Then comes entering the charges after the doctor sees the patient, usually this process involves the doctor filling out a super bill or charge slip to indicate what services were provided to the patient. The staff responsible for this must be able to accurately capture all the charges on the charge slip and transcribed them into the billing software on the computer. I have seen this process get delayed for one reason or another. Some practices simply don't enter the charges in a timely manner. Charges should be entered the very same day that the patient encounter takes place.
Before moving on, let take a look at the top five reasons that insurance companies often deny medical claims. The first reason involves improper demographics captured at your front desk or over the telephone. The second most common reason involves the wrong insurance being provided by the patient. The third reason is not following the correct coding initiatives such as matching up the CPT code billed with the appropriate ICD9. Untimely submissions make up the fourth reason for the denials. Many insurance carriers have a policy to always automatically deny claims that are older than the prescribed deadline such as six months. And the fifth reason for denials often involves stall tactic by the insurance carriers designed to hold onto your money for as long as possible. While you can't do much about this fifth reason, the previous four are most certainly within your control and require good attention to the account receivable management process.
When it comes to account receivable management, it's a game of beat the clock. Remember the longer it takes you to get a claim paid the more likely it is that the claim will never get paid. The first time element that I often ask doctors to measure is the time lapse between the patient encounter and the charge entry. The charges should be entered the very same day as the patient encounter.
The next question is: what is the time lapse between charges posted and claim submission? So post the charges and they wait till the end of a week to submit the claims electronically is simply not prudent. Submission of claims should be placed daily.
The next question is the time I was between claims submitted and payment received. I'll be discussing ways to facilitate the payment of claims a bit later.
What is the time lapse between payment received and payment posted? In some practices the mail sits on someone's desk before the payments are posted to the appropriate accounts. This often delays the next measurable which involves patient billing.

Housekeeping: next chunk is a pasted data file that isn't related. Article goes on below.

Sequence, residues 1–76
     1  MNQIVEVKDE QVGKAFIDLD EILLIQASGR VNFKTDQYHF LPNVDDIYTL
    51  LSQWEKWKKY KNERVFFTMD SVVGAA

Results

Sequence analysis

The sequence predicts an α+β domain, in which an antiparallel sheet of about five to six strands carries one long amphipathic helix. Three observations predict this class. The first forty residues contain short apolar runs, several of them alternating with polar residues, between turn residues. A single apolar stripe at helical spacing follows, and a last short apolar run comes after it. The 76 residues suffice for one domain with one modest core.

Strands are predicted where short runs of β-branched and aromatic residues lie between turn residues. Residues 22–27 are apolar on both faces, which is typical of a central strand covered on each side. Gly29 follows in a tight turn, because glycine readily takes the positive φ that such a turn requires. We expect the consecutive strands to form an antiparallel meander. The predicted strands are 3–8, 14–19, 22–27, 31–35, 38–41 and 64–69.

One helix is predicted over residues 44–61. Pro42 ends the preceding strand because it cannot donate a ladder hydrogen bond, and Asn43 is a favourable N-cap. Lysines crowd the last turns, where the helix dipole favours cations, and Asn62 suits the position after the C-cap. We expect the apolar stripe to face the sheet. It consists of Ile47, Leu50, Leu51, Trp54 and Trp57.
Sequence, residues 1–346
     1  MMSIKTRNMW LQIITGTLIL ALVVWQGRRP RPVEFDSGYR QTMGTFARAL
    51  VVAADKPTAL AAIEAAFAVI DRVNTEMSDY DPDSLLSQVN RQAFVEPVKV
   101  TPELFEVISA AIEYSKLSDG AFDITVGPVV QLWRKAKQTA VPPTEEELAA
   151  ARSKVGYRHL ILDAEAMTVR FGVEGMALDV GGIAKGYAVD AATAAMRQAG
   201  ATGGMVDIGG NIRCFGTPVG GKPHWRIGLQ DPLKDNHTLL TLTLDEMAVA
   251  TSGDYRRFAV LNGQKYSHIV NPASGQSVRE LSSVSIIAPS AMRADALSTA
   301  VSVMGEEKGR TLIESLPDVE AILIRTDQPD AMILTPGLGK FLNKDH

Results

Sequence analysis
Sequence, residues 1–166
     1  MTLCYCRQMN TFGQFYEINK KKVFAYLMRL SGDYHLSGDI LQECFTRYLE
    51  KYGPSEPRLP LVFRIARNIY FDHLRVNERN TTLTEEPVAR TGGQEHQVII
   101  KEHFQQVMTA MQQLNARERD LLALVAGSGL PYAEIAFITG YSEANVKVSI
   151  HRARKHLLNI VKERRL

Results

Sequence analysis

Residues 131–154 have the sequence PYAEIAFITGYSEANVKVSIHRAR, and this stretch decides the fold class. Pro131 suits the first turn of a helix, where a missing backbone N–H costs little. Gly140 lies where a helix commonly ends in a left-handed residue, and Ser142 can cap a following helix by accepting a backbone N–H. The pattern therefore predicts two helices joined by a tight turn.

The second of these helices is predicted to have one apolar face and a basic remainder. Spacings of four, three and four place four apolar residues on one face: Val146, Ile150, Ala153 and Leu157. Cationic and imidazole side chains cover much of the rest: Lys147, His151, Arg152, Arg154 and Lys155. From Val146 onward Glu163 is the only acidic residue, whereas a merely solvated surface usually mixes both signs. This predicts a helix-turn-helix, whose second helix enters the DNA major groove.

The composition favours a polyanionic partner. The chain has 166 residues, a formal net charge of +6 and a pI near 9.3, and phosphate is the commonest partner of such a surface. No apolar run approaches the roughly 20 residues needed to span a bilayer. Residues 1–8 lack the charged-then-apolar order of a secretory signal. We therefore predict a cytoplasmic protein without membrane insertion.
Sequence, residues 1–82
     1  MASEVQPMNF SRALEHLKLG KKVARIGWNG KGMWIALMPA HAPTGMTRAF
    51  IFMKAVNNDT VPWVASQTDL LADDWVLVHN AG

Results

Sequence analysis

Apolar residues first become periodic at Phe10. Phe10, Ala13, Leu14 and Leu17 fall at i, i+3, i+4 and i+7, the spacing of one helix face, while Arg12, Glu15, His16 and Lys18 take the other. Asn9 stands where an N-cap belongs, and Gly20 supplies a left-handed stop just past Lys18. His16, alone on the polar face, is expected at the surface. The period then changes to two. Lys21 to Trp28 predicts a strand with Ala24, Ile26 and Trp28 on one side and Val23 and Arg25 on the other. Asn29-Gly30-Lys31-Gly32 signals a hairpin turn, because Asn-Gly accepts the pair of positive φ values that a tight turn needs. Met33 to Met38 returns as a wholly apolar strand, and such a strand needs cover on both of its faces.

What is the time lapse between payment posted and the patient receiving an invoice for their portion of the balance? It might also be necessary to appeal a claim if it was not paid according to your contracted fee schedule.
Since insurance carriers often pay practices incorrectly all practices must have an appeals process as part of their accounts receivable management process. When payments arrive it's up to your billing office to scrutinize the payments on the explanation of benefits and compare it to your practices agreed-upon fee schedule with that particular carrier. This action mandates that your practice obtains your updated fee schedule from each of your top insurance carriers every year.
It’s important for your billing and collection staff to follow prescribed collection policy. This policy should serve as a guideline for them to follow along the course of a claim’s lifespan. What action should be taken when a claim reaches 30 days old? How about 60 days old? 90 days old? Whether you outsource your collections through a billing and collection company or perform this function in-house, you should have control of this policy and it should be well known by the staff involved. Take a moment to review the example of a collection policy shown here.
It’s helpful to use industry benchmarks to assess the effectiveness of your accounts receivable management. Two commonly used benchmarks involve total accounts receivables as well as aged claims. Your total accounts receivable should never be more than two months gross charges. In other words, if you bill out $50,000 per month the total monies go to your practice by your patients and insurance carriers should never be more than $100,000. Your aged claims, that is claims over 90 days old, should never be more than 15% of your total accounts receivables.